Founded more than a decade ago, the Bible college has a small student body of just 1,100 and a main campus in Anza, California, as well as several extension sites across the country. It is part of a network of ventures affiliated with David Jang, the president of an evangelical group known as World Olivet Assembly. Jang became controversial in evangelical circles after some of his former followers said they were led to believe he is a messianic figure called the “Second Coming Christ.”
Davis, who is one of five current or former top officials at Newsweek Media Group who have held roles at Olivet, said the school played a key part in the founding of IBT, which launched in 2006, two years after Olivet became a university. Among other things, the school helped set up IBT’s office space and provided a pool of editorial interns to produce content for the fledgling digital publisher. Davis said he partnered with Olivet because it produced “quality graduates” who shared his evangelical worldview. He also said he tapped the college’s professors for advice and consulted Jang as the company grew.
Most importantly for the company, Olivet provided it with its digital publishing and advertising systems. In turn, IBT paid the school more than $2.8 million for research and development and licensing agreements, according to tax records that list the company as a former trustee of Olivet. “We wouldn’t have a company without their help,” Davis said. “We’re re-paying back that technology investment that they gave to us.”
According to a Mother Jones investigation, the media company achieved its early success by employing international Olivet students in the U.S. on student visas to write and translate articles for little pay, a violation of the terms of those visas. (The company denied the allegations in the report, saying it ran an internship program and that no one was allowed to work illegally.) Internal IBT budget documents that Mother Jones obtained also showed that the company made donations to Olivet even as IBT struggled to pay its rent. Tracy Davis acknowledged to the publication that Olivet had received IBT donations.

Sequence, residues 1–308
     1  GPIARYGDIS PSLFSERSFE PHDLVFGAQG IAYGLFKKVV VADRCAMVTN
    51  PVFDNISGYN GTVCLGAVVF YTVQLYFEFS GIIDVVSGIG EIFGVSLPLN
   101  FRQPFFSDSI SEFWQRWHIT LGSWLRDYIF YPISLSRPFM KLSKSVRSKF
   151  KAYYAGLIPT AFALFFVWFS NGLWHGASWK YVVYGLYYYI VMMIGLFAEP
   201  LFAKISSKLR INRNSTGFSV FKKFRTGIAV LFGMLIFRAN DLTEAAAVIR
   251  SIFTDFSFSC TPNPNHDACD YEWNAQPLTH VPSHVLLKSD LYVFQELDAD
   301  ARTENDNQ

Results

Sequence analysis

Over the years, at least one advertiser started asking questions about the relationship. In 2015, advertising company Content.ad sued IBT in California, alleging that IBT failed to deliver on an advertising deal and owed the firm more than $400,000. The suit named Olivet and Jang as co-defendants, claiming that the religious leader intermingles the assets of the school and the media company. “IBT was not formed as a legitimate media company, but rather was set up by Jang to be a for-profit commercial enterprise as an arm of his church,” Content.ad alleged. IBT, which denied the charges, settled the suit in November 2016 for the full amount the advertising company said it was owed, according to court papers.
Dev Pragad, Newsweek Media Group's CEO, along with Johnathan Davis, declined to discuss the lawsuit. Davis, however, said Jang had no “formal” role in the company and served simply as an adviser. “We sought advice everywhere to build the company, and given his background, we valued his advice,” he said. “But the decision-making for the company was ours and ours alone.”
‘Nobody Gives Away Media’
Two summers ago, Olivet and its development arm were seeking permission to begin the first phase of their project in Dutchess County. The school had purchased the site of the defunct Harlem Valley Psychiatric Center for $20 million in 2013, promising to turn the abandoned medical facility into a thriving campus, as well as a retail and technology hub. But some of its development company’s work resulted in large government fines: In 2014, the U.S. Department of Labor said the developer “knowingly failed to take basic safety precautions” and exposed workers to asbestos and lead hazards. The case was settled for $700,000.
By mid-2016, Olivet’s development arm, now called Dover Greens, was seeking construction permits and battling with the town over tax exemptions for hundreds of acres of property. The school and Jang’s affiliated organizations now own at least 2,739 acres in Dover alone, according to the town’s latest tax rolls.